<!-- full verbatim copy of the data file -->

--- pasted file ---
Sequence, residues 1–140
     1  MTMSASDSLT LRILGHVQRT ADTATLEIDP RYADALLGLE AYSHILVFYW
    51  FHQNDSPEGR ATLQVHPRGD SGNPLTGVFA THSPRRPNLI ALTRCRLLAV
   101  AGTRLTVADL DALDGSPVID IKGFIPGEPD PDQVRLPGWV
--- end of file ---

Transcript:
Sequence, residues 1–140
     1  MTMSASDSLT LRILGHVQRT ADTATLEIDP RYADALLGLE AYSHILVFYW
    51  FHQNDSPEGR ATLQVHPRGD SGNPLTGVFA THSPRRPNLI ALTRCRLLAV
   101  AGTRLTVADL DALDGSPVID IKGFIPGEPD PDQVRLPGWV